Human trafficking probes on the rise across Ohio


Activist: Problem ‘hidden,’ but prevalent in Highland County

By David Wright - dwright@aimmediamidwest.com



DeWine

DeWine


While a detective with the Highland County Sheriff’s Office said his agency has investigated only two human trafficking cases involving local women in the last three years, an area activist said it’s likely that the scope of the problem in Highland County is wider than many think.

The (Toledo) Blade reported Sunday that the rate of human trafficking investigations in Ohio rose to its highest level since the state began keeping track of such numbers.

According to The Blade, Ohio Attorney General Mike DeWine’s Human Trafficking Commission issued a report last week that showed authorities investigated 202 human trafficking cases in 2017, a 50-percent increase from the previous year.

The majority of those cases involved the sex trade, The Blade reported, and the commission’s report identified drugs, alcohol and other addictions as risk factors for victims in 100 cases last year.

DeWine said the rise in human trafficking cases across the state is connected to the state’s opioid addiction crisis.

“Drugs are used to control,” he said. “Because opioids are so addictive, it makes it easier for a pimp, makes it easier for a human-trafficker to control a victim.”

Highland County Sheriff’s Detective Randy Sanders told The Times-Gazette on Monday that the sheriff’s office has only investigated two cases in the last three years where local women were exploited in sex trade operations.

“We’ve had two cases where women from here have been involved in drugs and made it to the city, and ended up with somebody supplying them drugs and pretty much pimping them out for a period of time,” Sanders said.

In both cases, one of which was the center of a federal investigation in Chicago and the other a one-man operation in Atlanta, the traffickers exploited the women’s heroin addiction, according to Sanders.

“Both of them… ended up getting away fairly quickly,” he said.

When it comes to human trafficking, Sanders said people often think of the 2008 film “Taken,” which tells the story of a father attempting to rescue his daughter from European sex traffickers, but in the majority of human trafficking cases, the victim isn’t kidnapped so much as they are exploited.

“It’s more the young females get hooked on heroin and then somebody just takes advantage of them, pimping them out,” he said. “It’s actually been going on. I know it still goes on every day.”

Last year, The Times-Gazette spoke with a local woman who said she had been pimped out in Dayton by a man who supplied her with nerve pills.

The woman, who spoke on condition of anonymity, said she had been using drugs since she was 15 years old.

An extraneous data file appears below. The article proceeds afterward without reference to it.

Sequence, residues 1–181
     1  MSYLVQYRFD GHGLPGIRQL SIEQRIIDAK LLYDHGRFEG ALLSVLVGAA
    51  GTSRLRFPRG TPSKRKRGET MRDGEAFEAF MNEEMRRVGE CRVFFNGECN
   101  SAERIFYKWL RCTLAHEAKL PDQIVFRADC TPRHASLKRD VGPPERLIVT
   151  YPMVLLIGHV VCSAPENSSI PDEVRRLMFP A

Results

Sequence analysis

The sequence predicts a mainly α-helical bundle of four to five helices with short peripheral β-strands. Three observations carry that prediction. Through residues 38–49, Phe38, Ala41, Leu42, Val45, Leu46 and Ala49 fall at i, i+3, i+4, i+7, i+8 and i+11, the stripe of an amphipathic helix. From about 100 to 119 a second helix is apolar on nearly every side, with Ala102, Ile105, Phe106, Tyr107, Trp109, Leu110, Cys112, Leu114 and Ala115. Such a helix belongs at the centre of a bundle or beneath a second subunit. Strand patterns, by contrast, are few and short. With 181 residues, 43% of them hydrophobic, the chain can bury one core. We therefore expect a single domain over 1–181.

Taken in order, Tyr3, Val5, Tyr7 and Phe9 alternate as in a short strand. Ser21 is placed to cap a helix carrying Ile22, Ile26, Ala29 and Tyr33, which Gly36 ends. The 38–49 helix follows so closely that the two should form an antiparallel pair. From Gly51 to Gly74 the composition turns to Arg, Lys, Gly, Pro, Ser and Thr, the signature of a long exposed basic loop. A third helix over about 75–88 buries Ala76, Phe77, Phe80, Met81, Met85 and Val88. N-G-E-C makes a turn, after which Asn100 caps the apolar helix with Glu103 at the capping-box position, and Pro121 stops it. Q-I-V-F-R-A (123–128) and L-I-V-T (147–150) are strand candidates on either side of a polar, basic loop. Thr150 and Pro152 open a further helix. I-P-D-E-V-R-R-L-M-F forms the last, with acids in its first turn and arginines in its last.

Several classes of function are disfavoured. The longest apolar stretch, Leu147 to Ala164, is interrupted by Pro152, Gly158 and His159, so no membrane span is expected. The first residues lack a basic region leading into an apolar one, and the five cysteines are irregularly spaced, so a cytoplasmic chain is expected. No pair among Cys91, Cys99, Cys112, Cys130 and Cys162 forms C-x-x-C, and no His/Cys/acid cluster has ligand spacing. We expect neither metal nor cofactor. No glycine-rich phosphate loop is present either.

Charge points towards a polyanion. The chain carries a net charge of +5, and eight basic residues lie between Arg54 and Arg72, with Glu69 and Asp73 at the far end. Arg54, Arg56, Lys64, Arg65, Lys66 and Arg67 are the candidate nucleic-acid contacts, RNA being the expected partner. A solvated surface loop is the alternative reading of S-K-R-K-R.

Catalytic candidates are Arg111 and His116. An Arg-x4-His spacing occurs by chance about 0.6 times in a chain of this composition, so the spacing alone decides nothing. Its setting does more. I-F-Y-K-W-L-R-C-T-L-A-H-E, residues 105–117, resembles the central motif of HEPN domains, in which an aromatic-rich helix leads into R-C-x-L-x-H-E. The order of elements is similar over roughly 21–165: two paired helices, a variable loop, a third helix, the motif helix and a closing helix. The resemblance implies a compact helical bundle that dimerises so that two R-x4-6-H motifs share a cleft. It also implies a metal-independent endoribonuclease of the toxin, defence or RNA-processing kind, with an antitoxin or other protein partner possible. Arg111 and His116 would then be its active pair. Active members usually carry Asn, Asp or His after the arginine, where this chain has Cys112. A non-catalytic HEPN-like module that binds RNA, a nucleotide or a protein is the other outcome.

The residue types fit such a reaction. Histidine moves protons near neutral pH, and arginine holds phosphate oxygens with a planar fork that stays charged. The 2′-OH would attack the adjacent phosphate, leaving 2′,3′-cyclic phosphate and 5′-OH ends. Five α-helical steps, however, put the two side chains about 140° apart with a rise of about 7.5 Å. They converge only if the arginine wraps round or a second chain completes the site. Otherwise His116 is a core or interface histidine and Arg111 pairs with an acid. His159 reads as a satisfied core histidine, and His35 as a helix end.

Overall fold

Kelly Mettler, an advocate with local nonprofit REACH For Tomorrow, is directing a regional effort to bring together members of the faith community with social services workers for education on human trafficking.

Coordinators of the program, funded by a grant from the attorney general’s office, hope to form human trafficking task forces in communities, bring human trafficking education to local schools and study how poverty and trauma affect sex trafficking.

Mettler said she believes human trafficking happens in the area far more than people think.

“It’s very hidden,” she said. “People who are trafficked don’t identify as someone who has been trafficked. They’ll say they’ve been abused, or say ‘I just had to survive,’ so basically what happens is they don’t self-identify at all.”

As a result, one of the initiative’s biggest challenges is finding data on human trafficking in the region, Mettler said.

“What people used to think of trafficking was that it happened in faraway lands,” she said. “But human trafficking knows no zip code. Wherever you are, it’s happening. With the drug epidemic, when someone is in need of heroin to keep from being dope-sick, they’ll do whatever they need to do to get that 20-ball of heroin.”

DeWine said he believes human trafficking convictions are “grossly underreported,” since suspects are often not charged with the specific crime of “trafficking in persons.”

Both the number of arrests and criminal convictions decreased, according to the commission’s report. There were 70 arrests last year, the lowest number recorded since 2013. There were 18 convictions, the lowest total since 2014.

Of the 208 people identified as potential victims of human trafficking, the report found that 18 percent were minors. The report also found all but 10 of the 221 suspected traffickers were involved in the sex trade.

Ohio has changed its approach to human trafficking in recent years by increasing penalties and approaching those forced into prostitution as victims instead of criminals.

DeWine said the most important thing is saving the victim.

The Associated Press contributed to this report. Reach David Wright at 937-402-2570, or on Twitter @DavidWrighter.

DeWine
https://www.timesgazette.com/wp-content/uploads/sites/33/2018/02/web1_fdewine-headshot.jpgDeWine
Activist: Problem ‘hidden,’ but prevalent in Highland County

By David Wright

dwright@aimmediamidwest.com